The summer nights in Naples are about to be filled with the mesmerising music of Verdi and Puccini.
Musicians from the San Carlo Theatre are performing a series of outdoor arias in the city’s main square to honour the health workers who fought on the frontlines of the COVID-19 pandemic.
Instead of taking to the stage of the San Carlo Opera Theatre, they’re gathering on the adjacent Plebiscito Square – to play for the whole city.
After months of coronavirus crisis and lockdown measures that shut down the city’s main opera house, many say the socially distanced event is most welcome.
“We’re going back to life, back to normality, despite the current difficulties,” said primary care physician Federico Cisone, who was among the health workers invited to attend the rehearsal of Verdi’s Aida on Saturday (July 25).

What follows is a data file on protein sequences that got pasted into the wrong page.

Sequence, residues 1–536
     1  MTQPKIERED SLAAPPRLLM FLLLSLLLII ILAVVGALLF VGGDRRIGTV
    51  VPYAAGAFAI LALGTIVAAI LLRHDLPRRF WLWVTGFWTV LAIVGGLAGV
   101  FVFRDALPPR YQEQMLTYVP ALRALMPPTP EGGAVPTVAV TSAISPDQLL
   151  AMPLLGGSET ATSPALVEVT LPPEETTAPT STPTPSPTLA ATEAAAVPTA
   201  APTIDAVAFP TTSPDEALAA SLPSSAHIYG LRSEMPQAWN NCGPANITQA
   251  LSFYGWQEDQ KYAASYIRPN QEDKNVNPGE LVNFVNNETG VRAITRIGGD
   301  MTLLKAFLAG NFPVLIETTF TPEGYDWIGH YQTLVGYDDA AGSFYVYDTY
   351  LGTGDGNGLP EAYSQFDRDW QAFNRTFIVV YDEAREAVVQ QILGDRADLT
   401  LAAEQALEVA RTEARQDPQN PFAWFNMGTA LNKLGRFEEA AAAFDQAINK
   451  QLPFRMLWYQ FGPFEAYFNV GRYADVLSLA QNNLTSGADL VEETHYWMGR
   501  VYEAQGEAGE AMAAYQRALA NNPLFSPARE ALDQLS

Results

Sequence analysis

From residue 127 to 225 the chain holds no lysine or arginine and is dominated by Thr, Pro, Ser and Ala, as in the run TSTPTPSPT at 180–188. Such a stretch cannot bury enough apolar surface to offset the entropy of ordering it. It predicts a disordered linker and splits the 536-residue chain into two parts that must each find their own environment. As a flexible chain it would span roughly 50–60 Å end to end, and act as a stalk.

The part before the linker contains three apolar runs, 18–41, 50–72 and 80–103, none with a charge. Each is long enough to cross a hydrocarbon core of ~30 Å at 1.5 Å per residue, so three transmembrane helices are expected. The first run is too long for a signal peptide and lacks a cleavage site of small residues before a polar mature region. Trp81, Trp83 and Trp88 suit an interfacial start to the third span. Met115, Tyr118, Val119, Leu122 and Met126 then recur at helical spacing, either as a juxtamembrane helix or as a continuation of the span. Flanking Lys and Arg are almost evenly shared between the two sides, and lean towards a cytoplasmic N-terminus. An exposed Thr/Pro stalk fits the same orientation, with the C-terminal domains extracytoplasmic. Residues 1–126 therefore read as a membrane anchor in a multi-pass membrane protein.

The San Carlo Theatre of Naples is the oldest continuously active venue for opera in the world, having opened in 1737, decades before either Milan’s La Scala or Venice’s La Fenice.
It plays a central role in the identity of the city of Naples. Now in these troubled times, it’s opening to the city to bring a message of hope to its residents.
“It’s like saying: we start again – Napoli, the city starts again. The San Carlo Theatre is helping this restart,” said the theatre’s director Stephane Lissner.
“It’s a renaissance for everybody. You will see people around here gathering to listen to the music; they come here for the rehearsals too,” he said.
“When we start, people will lean out over the balconies listening to the music… It’s nice.”
Watch Luca’s report in the video player above.